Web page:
the development area already had specific constraints on data representations, and the required
           developments were straightforward, there was no reason to re-use definitions from the
           registry. For the justification of future integration benefit to have sufficient force, the engineer
           would have to be aware of a tangible prospect of integration. (Yet the engineer intends to use
           the registry again in further developments, and sees as a minimum that benefit will come from
           the registry as a source of consistent terminology.)

These user experiences confirm that for the registry benefits to be realised, the registry needs an
established role in the business processes of the user organisation.


8.2.4        Registry increases the efficiency of integration and rationalisation activity

The Highways Agency is already engaged in significant integration and metadata rationalisation tasks,
such as the work of the NMCS site data rationalisation for RCCs, and further integration and
rationalisation is expected as the Roads Information Framework progresses. The registry provides an
efficient support mechanism for this activity. Without the registry, the NMCS equipment suppliers
would need to duplicate work in tackled problems already solved by the registry project: deciding a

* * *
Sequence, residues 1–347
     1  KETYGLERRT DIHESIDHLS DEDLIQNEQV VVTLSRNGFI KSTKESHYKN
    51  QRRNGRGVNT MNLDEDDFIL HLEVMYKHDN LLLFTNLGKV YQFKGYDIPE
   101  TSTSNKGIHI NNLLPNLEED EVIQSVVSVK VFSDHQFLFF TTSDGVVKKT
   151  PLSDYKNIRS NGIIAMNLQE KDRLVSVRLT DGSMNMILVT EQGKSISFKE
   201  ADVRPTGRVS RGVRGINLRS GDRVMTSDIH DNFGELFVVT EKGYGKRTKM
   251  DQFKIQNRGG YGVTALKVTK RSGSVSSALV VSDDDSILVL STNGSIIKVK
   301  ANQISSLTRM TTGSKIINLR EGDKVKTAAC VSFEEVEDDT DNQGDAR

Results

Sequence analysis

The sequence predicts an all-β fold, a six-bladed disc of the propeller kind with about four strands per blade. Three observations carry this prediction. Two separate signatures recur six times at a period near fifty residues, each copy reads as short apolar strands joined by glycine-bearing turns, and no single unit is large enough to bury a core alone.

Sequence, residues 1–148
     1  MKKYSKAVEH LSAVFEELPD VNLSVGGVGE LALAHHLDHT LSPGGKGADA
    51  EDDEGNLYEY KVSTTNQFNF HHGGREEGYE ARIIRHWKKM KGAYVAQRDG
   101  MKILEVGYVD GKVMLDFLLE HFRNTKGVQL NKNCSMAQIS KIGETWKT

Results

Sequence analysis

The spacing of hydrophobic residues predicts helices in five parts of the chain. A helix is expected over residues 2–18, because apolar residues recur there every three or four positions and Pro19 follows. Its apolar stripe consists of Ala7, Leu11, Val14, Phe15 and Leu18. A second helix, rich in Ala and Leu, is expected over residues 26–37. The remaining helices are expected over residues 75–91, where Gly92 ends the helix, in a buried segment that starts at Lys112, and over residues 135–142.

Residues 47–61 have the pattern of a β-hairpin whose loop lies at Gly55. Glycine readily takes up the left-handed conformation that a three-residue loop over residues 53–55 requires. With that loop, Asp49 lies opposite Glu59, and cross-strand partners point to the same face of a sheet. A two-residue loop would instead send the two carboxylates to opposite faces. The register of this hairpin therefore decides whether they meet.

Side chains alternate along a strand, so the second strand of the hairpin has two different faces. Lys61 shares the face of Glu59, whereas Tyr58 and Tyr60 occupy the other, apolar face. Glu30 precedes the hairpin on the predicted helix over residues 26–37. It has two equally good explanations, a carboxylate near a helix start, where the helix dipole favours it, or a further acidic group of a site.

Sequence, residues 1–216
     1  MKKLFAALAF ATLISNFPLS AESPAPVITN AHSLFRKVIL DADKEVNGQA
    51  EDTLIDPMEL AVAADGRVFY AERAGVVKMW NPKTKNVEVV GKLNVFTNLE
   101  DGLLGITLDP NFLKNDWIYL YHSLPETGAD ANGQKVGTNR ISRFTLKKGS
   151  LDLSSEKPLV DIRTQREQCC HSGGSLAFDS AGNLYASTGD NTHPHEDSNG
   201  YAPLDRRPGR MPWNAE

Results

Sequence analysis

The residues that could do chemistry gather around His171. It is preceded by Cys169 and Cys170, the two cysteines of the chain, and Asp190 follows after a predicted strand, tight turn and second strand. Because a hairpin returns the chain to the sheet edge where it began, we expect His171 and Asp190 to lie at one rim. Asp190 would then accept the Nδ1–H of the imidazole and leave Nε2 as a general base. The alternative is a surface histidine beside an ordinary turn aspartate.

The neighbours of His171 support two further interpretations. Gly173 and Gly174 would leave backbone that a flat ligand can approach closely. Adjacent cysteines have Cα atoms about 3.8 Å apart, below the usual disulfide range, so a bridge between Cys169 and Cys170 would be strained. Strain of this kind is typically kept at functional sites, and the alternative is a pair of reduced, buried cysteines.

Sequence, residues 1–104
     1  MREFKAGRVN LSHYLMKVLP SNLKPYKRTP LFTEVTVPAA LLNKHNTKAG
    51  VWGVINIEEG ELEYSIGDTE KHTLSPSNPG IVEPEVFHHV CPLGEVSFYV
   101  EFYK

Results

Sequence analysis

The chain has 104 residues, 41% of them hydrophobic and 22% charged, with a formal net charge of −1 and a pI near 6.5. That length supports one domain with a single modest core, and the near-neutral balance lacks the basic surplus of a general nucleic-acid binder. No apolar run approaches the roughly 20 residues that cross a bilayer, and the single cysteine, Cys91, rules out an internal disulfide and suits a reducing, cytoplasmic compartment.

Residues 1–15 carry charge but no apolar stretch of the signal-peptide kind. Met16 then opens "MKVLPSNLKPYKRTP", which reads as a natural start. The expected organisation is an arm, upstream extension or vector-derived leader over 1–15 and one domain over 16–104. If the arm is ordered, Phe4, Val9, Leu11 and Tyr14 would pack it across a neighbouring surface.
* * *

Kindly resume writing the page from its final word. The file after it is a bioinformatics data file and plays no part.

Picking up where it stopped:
common format for models, the types of models and conventions to be used, how to share the results,
how to deal with lack of an interchange standard between relational database modelling tools etc.


8.2.5        Registry underpins Directory Services

The registry supports the TIH directory of publishers by describing the data content supplied by each
TIH publisher. Similar directory services can be created as the registry is applied to other areas. The
registry also supports searches for content, after which it could link back to the corresponding systems
/ publishers. As the number of data sources increases, so will the complexity of finding, comparing
and understanding the data that the user requires. An integrated directory service promises to mitigate
the increase in complexity and provide a catalyst for uptake. Potential users can easily find out the
content offered by the sources. Days of effort can be saved per user. Users who would otherwise give
up plans of ITS data consumption may be encouraged to continue because they can see valuable
content. The directory service is therefore important in strengthening the business case for submitters,
who gain direct advertising.


8.2.6        External Data Registry Experience

An interesting parallel may be seen with the introduction of a Data Registry in the US Environmental
Protection Agency (EPA). The EPA organisational structure in the 1990s created a culture fostering